5. This is because the term is not the author’s.  It has simply been borrowed from elsewhere.  He is sarcastic about it.  There is no office without paper.(2 marks)
    6. Usually, whatever is processed on the computer needs to be printed.  This spurs the generation of paper waste since the printed matter will eventually be discarded.  This is quite contrary to the predicted reduction of paper waste.  There is more creation of paper waste rather than its reduction. (2 marks)
    7. Resin is a raw material used in manufacturing products and it makes them heavy. (2 marks)
    8.    
      • paper products occupy too much space.
      • Unlike plastic products, paper waste has been increasing in dumpsites.
      • Paper products are not necessarily more biodegradable than plastics. (4 marks)
    9.    
      • bread and butter work - basic;
      • static - unchanging/constant;
      • gets underway - begins/takes place.(3 marks)
  2.    
    1. Peter Stockmann/the Mayor, is eager to have the article published at the time to attract more people to the Baths; more revenue (and therefore more profits for the shareholders of whom he is one) for the town.
      Dr. Stockmann on the other hand, is awaiting the confirmation of his suspicion of the contamination of the baths (pgs 50, 38, 86)Dr. is wating for the lab reports, hence the need to delay. (2 marks)
    2. He is suspicious that the baths may be contaminated.  Secondly, he is compelled to await the result analysis of samples sent to the University laboratories before he can commit to a final informed stand. ( 2 marks)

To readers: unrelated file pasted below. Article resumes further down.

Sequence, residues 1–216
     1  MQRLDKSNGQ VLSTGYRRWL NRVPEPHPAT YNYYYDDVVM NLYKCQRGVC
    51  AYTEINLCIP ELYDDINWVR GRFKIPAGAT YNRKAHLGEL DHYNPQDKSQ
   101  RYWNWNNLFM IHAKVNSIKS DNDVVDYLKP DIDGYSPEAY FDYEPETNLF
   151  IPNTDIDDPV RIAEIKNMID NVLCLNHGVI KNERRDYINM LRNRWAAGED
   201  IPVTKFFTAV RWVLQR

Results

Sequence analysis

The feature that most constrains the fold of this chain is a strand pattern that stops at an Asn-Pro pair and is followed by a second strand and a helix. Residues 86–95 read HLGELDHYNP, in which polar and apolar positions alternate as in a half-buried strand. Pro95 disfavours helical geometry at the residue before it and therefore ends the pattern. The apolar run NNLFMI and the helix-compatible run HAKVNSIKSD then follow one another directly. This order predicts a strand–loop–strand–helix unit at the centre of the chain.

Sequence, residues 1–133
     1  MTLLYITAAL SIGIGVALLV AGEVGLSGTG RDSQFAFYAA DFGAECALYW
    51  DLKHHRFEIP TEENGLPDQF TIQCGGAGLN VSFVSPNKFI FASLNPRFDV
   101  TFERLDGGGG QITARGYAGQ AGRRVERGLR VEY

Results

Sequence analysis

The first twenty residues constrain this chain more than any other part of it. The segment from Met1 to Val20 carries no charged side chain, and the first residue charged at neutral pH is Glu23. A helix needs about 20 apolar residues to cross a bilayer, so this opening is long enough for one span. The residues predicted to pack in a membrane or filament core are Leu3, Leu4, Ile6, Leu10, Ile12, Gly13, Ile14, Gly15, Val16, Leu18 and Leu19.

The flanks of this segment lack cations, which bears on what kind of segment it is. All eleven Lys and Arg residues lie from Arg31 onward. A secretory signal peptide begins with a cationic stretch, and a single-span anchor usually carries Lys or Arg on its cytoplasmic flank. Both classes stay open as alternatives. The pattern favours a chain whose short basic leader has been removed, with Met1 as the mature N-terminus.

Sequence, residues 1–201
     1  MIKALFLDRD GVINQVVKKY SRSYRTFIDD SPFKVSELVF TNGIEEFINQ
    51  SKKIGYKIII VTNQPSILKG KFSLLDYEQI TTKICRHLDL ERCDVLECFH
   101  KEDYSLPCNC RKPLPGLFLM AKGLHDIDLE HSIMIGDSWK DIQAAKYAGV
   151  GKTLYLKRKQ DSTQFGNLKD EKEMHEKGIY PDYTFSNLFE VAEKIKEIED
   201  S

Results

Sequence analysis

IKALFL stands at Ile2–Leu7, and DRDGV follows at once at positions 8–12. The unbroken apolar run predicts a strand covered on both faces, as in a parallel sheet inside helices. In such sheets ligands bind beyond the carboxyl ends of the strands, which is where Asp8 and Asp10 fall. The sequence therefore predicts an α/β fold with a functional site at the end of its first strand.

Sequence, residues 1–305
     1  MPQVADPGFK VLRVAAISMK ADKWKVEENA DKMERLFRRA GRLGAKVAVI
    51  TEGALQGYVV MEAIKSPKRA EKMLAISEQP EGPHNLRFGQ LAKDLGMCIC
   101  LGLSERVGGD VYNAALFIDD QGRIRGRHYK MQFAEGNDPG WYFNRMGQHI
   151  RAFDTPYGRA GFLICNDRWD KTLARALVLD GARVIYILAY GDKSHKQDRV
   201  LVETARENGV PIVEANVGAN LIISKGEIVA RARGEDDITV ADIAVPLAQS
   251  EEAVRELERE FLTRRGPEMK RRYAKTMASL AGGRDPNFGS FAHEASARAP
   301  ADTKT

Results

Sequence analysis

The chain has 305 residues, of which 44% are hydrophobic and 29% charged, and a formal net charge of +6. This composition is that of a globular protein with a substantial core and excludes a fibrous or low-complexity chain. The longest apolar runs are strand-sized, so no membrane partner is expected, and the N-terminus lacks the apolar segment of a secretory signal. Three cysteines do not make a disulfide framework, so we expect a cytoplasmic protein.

3. Peter Stockmann comes through as:
      1. bossy/a bully/intimidating - he attempts to threaten Dr. Stockmann by using his superior position; “.... someday you will ....”
      2. suspicious/impatient - he does not give Dr. Stockmann any chance to explain, but jumps to conclusion that Thomas is dealing unfaithfully andis withholding relevant information from him;
      3. conceited - He fancies himself superior to Thomas and presumes to understand him better.
      4. Fastidious /stickler for protocol - he insists things must be done with due decorum and through the established authority.
      5. Bureaocratic: “... through the proper channels and shall ...”
      6. Suspicious: “is there something going on ...”
      7. Impatient: “I should have thought that this ....”
      8. Vain/arrogant/conceited: “... I, as Chairman of the ....”
        (Any three traits. 1 mark for trait, 1 mark for illustration = 6 marks)
    4. Peter Stockmann is concerned about the economic welfare of the community.  (He opposes anything that may jeopardize livelihoods, but essentially he is protecting the economic class interests, not those of the common man.  He is ready to sacrifice some for economic gain).
      Thomas Stockmann, on  the other hand, is concerned about the health implications of the baths to the community and the visitors (tourists).  He is ready to sacrifice short term gains for long term, sustainable gains. (4 marks)
    5.     
      1. That he needs to be careful to transact everything through the established authority/follow proper channels.
      2. The fact that his actions have consequences, some of which may be nasty. (Expect both, points = 2 marks)
    6. Dr.  Stockmann challenged the Mayor to prove that he had ever used dubious or underhand methods./ Dr. Stockmann demanded that the Mayor name even one instance when he had used dubious or underhand methods. Dr/He asked him if he had at any time  used dubious or underhand methods. (1 marks)
    7. Foregrounding is the action of emphasizing/making something stand out using linguistic devices.  It is used to highlight important aspects of a text/invite interpretation.
      -  “.... at least not tonight ....”
      He is waiting for the report.
      -  “... or, to be more accurate ...”
      Respect or obey the authority (Mayor)
      -  “.... sooner or later ....”